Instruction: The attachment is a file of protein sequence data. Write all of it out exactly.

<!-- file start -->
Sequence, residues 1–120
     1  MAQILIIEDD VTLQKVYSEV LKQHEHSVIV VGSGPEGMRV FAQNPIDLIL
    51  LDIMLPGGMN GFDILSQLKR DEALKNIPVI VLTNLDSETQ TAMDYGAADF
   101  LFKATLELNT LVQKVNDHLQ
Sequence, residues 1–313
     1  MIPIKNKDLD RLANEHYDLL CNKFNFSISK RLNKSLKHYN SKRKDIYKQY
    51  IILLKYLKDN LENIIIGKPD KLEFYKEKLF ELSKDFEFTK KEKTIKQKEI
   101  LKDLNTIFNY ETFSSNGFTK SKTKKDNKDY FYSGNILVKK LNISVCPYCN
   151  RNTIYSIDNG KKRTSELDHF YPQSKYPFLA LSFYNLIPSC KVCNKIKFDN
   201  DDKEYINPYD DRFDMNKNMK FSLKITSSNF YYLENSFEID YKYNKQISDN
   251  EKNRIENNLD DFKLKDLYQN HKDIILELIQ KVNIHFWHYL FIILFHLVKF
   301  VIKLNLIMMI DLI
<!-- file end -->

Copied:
Sequence, residues 1–120
     1  MAQILIIEDD VTLQKVYSEV LKQHEHSVIV VGSGPEGMRV FAQNPIDLIL
    51  LDIMLPGGMN GFDILSQLKR DEALKNIPVI VLTNLDSETQ TAMDYGAADF
   101  LFKATLELNT LVQKVNDHLQ
Sequence, residues 1–313
     1  MIPIKNKDLD RLANEHYDLL CNKFNFSISK RLNKSLKHYN SKRKDIYKQY
    51  IILLKYLKDN LENIIIGKPD KLEFYKEKLF ELSKDFEFTK KEKTIKQKEI
   101  LKDLNTIFNY ETFSSNGFTK SKTKKDNKDY FYSGNILVKK LNISVCPYCN
   151  RNTIYSIDNG KKRTSELDHF YPQSKYPFLA LSFYNLIPSC KVCNKIKFDN
   201  DDKEYINPYD DRFDMNKNMK FSLKITSSNF YYLENSFEID YKYNKQISDN
   251  EKNRIENNLD DFKLKDLYQN HKDIILELIQ KVNIHFWHYL FIILFHLVKF
   301  VIKLNLIMMI DLI